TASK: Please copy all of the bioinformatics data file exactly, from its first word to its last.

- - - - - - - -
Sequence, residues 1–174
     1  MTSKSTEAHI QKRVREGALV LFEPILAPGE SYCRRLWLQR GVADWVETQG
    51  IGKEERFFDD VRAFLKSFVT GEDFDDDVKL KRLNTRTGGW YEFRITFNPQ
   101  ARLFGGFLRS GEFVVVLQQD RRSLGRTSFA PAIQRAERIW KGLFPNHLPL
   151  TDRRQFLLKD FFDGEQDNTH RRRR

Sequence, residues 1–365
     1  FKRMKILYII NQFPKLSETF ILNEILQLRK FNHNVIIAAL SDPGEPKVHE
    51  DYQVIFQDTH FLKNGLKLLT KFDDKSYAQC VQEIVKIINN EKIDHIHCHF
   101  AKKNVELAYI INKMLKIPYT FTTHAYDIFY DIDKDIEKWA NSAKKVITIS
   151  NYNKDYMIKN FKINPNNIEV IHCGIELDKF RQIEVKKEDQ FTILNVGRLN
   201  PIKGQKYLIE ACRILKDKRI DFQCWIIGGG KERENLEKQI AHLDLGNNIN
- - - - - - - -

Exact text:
Sequence, residues 1–174
     1  MTSKSTEAHI QKRVREGALV LFEPILAPGE SYCRRLWLQR GVADWVETQG
    51  IGKEERFFDD VRAFLKSFVT GEDFDDDVKL KRLNTRTGGW YEFRITFNPQ
   101  ARLFGGFLRS GEFVVVLQQD RRSLGRTSFA PAIQRAERIW KGLFPNHLPL
   151  TDRRQFLLKD FFDGEQDNTH RRRR

Sequence, residues 1–365
     1  FKRMKILYII NQFPKLSETF ILNEILQLRK FNHNVIIAAL SDPGEPKVHE
    51  DYQVIFQDTH FLKNGLKLLT KFDDKSYAQC VQEIVKIINN EKIDHIHCHF
   101  AKKNVELAYI INKMLKIPYT FTTHAYDIFY DIDKDIEKWA NSAKKVITIS
   151  NYNKDYMIKN FKINPNNIEV IHCGIELDKF RQIEVKKEDQ FTILNVGRLN
   201  PIKGQKYLIE ACRILKDKRI DFQCWIIGGG KERENLEKQI AHLDLGNNIN